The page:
Friday, 30 January 2009
Strange to say, not a lot happens on publication day.
I haven't heard from my publisher, but I was most impressed that my local newspaper The Hexham Courant, came up with a feature on me on THE day! The link is here and you can read it for yourself! Three cheers for the gallant Gemma Brown who sat with me for an hour and took down everything I said in shorthand. Thanks also to the photographer whose name I never got to know but who managed to take a pleasing photo in a very short time.
Then along came a review by Carla Nayland. The same review is in two places -
Carla's blog and Historical Fiction Online. It is longer than most of the others, outlines the story and comments on the historical background, so thank you Carla.
I blogged over on Authors and Books tonight (the link is on the sidebar) - mentioned some books I enjoyed lately. Made a pleasant change from talking about myself!
Monday, 26 January 2009
This picture is of Ullapool - but not of the Ullapool of today. This is my view of Skuli' Grey Cloak's Steading, the place where Flane takes Emer when he buys her in the Dublin slave market. As the week progresses I'll add my impressions of Emer, Flane and Oli.
I am still immersed in the Australian Tennis Tournament. Today Murray was beaten. I wonder what the headlines will scream tomorrow? The British press can be cruel I think, in the way it pounces on a UK player and lauds them to the skies before they've ever won a Grand Slam. I've watched it happen so often over the years. The players must come to believe a little of the hype, and then the fall must hit very hard. Far better to wait until Murray wins a Grand Slam before touting him as the favourite before players like Djokovic and Federer. Nadal is always polite, and so avoids confrontation. It looks like being a Nadal-Federer final, and I know who I want to win.
Saturday, 24 January 2009
Social engagement on Thursday with my sister-in-law, an interview with a newspaper person and Romantic Novelists' Association on Friday and there's the week shot.
Midweek I tried to update my website and put all the new reviews on it. Spent an hour Wednesday night and when I tried to upload/publish, found I could not do it. Or rather, the web host and my PC were incommunicado. I had got used to instanteous updating, and loved it. It seems TripodLycos web host is a part of a larger company and research on Google tells me that the non-profitable parts are being shed. So that means I must find a new website host. I've been checking out new hosting sites, but I only wish I understood what all the terms mean. They could be talking double-Dutch (is that a PC remark these days? Probably not!) for all I understand them.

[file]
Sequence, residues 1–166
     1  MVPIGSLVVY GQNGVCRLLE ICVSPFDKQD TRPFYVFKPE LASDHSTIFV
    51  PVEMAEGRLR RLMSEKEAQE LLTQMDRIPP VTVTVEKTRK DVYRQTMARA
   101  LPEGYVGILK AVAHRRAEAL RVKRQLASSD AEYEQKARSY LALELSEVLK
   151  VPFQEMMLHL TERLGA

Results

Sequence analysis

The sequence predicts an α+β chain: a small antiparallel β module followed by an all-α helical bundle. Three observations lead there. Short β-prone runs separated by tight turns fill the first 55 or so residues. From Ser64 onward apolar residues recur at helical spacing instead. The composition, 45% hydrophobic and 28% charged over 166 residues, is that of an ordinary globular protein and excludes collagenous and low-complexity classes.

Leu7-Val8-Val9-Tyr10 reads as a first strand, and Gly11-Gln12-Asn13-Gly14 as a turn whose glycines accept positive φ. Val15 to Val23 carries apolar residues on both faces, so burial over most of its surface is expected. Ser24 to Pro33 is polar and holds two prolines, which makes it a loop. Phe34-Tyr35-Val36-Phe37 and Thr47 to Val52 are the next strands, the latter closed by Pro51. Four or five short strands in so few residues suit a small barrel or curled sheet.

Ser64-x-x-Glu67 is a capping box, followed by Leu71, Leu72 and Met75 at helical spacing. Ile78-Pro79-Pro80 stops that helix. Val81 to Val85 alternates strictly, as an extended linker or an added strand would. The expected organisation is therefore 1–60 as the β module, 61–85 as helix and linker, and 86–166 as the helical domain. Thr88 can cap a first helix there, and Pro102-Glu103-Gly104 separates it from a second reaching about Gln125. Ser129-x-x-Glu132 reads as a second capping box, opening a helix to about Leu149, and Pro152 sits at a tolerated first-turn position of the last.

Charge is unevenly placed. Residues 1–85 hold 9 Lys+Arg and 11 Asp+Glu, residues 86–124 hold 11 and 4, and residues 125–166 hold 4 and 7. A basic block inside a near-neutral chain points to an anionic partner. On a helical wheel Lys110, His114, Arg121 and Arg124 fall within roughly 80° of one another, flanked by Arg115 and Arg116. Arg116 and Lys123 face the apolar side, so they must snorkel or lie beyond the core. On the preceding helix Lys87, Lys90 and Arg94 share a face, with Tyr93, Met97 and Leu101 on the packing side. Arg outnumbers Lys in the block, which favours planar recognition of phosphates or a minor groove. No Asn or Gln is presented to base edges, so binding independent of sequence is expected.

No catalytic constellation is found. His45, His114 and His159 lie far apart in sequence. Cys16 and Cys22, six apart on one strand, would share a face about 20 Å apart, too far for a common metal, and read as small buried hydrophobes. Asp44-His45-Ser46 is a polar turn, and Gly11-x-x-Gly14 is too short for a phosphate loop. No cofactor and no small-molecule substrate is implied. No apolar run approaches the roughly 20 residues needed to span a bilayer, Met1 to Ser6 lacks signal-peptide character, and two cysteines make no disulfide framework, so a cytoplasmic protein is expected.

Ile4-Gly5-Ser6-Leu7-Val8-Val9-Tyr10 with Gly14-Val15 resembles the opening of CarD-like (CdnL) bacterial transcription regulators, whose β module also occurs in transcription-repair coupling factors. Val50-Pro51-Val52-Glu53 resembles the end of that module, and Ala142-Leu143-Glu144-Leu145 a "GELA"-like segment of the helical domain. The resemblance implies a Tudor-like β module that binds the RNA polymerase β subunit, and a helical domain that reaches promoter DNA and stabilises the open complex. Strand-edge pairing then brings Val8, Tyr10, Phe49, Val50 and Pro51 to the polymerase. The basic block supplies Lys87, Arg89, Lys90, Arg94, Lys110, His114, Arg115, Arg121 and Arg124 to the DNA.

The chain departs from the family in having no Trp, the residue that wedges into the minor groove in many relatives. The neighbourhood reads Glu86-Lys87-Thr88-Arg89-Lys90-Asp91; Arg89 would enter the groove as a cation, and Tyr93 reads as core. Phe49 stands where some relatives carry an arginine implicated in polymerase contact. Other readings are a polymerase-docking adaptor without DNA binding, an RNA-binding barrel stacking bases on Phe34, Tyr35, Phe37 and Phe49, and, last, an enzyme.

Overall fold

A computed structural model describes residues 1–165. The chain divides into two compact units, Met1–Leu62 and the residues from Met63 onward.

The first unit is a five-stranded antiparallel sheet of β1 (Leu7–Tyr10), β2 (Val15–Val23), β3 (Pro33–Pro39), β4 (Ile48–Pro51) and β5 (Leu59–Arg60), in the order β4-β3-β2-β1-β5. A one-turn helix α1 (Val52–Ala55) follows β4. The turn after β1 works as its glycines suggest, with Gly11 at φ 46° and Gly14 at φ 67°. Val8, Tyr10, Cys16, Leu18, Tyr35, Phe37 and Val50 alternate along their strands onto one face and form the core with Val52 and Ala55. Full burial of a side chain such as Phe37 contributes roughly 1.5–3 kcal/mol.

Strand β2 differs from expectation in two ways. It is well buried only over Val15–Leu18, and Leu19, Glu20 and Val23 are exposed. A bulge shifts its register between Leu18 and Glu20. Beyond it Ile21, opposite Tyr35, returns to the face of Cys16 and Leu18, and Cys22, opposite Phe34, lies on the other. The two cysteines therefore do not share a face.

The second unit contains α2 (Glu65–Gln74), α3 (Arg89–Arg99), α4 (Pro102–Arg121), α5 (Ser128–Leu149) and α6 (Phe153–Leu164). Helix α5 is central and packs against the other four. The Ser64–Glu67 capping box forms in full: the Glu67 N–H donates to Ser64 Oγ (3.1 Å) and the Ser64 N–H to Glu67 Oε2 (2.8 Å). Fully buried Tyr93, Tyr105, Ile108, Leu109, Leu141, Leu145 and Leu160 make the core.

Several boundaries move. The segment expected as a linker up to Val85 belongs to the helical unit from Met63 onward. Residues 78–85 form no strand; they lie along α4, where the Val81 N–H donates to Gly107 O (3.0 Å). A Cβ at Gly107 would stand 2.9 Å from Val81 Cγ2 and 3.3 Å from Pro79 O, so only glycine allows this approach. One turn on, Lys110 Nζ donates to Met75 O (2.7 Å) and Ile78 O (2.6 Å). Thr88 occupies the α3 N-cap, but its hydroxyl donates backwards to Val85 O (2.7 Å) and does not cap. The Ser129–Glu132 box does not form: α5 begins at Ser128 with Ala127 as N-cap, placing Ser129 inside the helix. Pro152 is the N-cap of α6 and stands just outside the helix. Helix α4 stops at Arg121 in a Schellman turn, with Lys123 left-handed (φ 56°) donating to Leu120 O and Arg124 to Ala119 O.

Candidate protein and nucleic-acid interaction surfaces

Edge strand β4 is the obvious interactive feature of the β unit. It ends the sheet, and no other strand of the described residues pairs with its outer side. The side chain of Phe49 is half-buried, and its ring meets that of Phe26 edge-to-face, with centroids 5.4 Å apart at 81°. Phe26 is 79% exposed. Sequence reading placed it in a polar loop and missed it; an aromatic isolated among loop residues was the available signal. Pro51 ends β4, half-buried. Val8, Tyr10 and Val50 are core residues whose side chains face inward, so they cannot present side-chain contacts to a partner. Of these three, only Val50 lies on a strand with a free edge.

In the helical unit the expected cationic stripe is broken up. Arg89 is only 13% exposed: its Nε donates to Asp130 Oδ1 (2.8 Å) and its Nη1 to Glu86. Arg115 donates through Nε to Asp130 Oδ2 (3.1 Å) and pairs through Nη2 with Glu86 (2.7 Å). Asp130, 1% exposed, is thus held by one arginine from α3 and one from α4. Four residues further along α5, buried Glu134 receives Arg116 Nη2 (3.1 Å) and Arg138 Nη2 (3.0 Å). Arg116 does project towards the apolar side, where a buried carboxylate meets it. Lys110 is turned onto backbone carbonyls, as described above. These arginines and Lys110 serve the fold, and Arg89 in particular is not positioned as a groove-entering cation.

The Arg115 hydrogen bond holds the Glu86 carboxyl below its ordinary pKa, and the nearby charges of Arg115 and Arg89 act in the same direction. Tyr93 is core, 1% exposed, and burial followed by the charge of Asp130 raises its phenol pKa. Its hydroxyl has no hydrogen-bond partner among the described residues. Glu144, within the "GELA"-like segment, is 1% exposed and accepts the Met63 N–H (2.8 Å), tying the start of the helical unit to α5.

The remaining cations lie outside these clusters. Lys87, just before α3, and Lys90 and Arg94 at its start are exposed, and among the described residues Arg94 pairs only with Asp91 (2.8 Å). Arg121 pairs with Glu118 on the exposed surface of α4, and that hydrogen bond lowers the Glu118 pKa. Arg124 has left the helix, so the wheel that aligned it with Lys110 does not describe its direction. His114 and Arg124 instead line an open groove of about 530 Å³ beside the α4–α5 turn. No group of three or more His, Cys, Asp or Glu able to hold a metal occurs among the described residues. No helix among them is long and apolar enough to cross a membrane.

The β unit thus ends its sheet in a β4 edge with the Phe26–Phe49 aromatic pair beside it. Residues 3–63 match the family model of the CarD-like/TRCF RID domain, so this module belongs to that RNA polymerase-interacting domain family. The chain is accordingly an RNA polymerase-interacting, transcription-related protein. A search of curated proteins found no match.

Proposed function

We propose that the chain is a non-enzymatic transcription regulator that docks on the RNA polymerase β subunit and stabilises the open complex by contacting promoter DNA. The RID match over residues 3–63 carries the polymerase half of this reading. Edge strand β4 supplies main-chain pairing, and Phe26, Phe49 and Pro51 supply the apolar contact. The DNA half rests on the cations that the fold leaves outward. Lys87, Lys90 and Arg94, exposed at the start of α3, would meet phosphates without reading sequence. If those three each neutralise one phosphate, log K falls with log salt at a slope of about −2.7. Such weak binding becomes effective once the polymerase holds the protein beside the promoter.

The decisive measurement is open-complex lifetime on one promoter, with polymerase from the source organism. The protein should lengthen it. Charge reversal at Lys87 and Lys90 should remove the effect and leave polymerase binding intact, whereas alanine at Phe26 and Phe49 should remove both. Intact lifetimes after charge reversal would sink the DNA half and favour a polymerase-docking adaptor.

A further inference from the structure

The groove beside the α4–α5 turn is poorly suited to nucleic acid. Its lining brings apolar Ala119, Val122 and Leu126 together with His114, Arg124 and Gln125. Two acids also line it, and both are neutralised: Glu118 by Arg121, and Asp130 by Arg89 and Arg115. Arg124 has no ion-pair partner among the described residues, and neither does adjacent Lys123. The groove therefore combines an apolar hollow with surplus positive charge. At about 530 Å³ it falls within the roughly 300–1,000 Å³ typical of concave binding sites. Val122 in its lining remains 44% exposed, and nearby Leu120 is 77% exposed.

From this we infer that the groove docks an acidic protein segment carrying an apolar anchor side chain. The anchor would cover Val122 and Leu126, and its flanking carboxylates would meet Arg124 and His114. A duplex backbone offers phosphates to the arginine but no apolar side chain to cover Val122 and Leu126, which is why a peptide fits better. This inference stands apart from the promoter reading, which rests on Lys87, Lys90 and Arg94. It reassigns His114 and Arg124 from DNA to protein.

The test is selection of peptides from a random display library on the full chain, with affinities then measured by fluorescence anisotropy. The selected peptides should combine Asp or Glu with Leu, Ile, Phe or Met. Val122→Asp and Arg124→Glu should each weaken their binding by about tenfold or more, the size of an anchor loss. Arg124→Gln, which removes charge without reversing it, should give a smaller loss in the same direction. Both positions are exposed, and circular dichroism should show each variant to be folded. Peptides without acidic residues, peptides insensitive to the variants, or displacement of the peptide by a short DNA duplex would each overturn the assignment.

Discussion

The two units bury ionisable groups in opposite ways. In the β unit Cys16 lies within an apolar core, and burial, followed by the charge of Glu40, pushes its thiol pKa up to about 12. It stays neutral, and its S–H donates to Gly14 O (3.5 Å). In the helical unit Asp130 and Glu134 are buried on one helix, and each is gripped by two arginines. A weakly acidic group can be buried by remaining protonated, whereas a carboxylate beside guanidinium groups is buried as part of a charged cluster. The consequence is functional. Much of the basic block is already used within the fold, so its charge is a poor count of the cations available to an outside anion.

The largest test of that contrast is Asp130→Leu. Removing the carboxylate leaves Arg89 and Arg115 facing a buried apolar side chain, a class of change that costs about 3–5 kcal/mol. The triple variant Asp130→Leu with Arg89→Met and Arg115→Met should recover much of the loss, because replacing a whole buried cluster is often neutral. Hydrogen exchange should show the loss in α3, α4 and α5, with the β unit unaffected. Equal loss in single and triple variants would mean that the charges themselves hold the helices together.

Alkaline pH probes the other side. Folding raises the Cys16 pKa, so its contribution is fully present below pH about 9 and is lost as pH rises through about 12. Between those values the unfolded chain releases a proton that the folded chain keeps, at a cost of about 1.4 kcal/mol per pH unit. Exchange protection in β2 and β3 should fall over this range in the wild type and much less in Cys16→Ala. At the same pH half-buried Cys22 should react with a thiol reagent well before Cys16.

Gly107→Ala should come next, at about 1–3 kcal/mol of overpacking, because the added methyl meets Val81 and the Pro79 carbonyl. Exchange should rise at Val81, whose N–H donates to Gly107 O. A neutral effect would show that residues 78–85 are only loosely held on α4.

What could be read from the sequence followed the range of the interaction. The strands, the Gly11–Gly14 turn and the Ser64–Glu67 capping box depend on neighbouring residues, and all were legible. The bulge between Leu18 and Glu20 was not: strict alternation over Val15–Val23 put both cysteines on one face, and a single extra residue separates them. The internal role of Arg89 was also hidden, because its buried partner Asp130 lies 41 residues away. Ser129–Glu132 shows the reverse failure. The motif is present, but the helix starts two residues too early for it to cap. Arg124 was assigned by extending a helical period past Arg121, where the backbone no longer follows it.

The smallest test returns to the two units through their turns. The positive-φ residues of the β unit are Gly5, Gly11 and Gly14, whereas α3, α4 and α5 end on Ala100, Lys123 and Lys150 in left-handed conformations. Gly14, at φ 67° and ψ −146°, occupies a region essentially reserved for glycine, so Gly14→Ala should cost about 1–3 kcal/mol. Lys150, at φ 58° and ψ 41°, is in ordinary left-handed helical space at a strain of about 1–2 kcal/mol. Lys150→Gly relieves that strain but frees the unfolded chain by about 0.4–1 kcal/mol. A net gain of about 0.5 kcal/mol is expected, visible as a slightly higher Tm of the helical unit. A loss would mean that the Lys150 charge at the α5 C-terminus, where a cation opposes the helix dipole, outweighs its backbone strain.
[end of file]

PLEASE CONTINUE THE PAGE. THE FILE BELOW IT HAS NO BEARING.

Life is so simple when I can spend the whole week plugging away at my next story. This week, I've got very little done.
Sunday, 18 January 2009
Thursday, 15 January 2009
Emer is a wonderful heroine, sympathetic and engaging. Even when she is in desperate straits she displays dignity, strength and generosity of spirit. She draws others to her through her kindness and warmth. Flane is a hero to match her, courageous and strong. The chemistry between them is scorching hot and the love story both seductive and tender. Watching these two characters change and grow throughout the book is a delight. Well-drawn secondary characters also add depth and charm to a compelling love story. This book lived on in my imagination long after I had finished it."
As might be imagined, I was up in the air with this review.
Yesterday I found another one from the Northern Echo . This is the one in which the last line is "Don't be put off by the hippy-style book cover. All in all it's not a bad effort for a relatively new writer."
Wednesday, 14 January 2009
The ice goats were not life size, but easily three feet high.
Monday, 12 January 2009
This is a view along the river that zips through Zermatt. It starts in one of the glaciers - if I had my ski map I could tell you which one but until I unpack completely I haven't a clue where anything is - so I'll just say there are at least three major glaciers and I think this stream comes from the Matterhorn glacier. It had snowed before we got there, so everything was pristine, white and smooth.
Sunday, 11 January 2009
Jen Black is a writer to watch. Her turn of phrase can be most evocative, and she uses it to best advantage to create a strong sense of place. This is not a romance set in a blank nowhere where the characters are forced to act out their dramas on a stage bare of everything save the most basic of props. In Far After Gold the setting is lovingly described and it lends richness and texture to Emer and Flane's story. There is the odd minor stumble with anachronism, where the choice of vocabulary might be more rigorous, but word choice is a very personal matter and this in no way impedes the flow of the story.
Jen Black knows how to use drama to help with narrative drive, and the conflict between the hero and heroine is kept clear at all times. Towards the end of the book however, there is a sense that the novel might gain more depth if the two main characters and the conflict between them was further evolved. "
She concludes: "Far After Gold is an evocative novel, the characters are appealing and they develop convincingly during the course of the story. I enjoyed very much."
Friday, 2 January 2009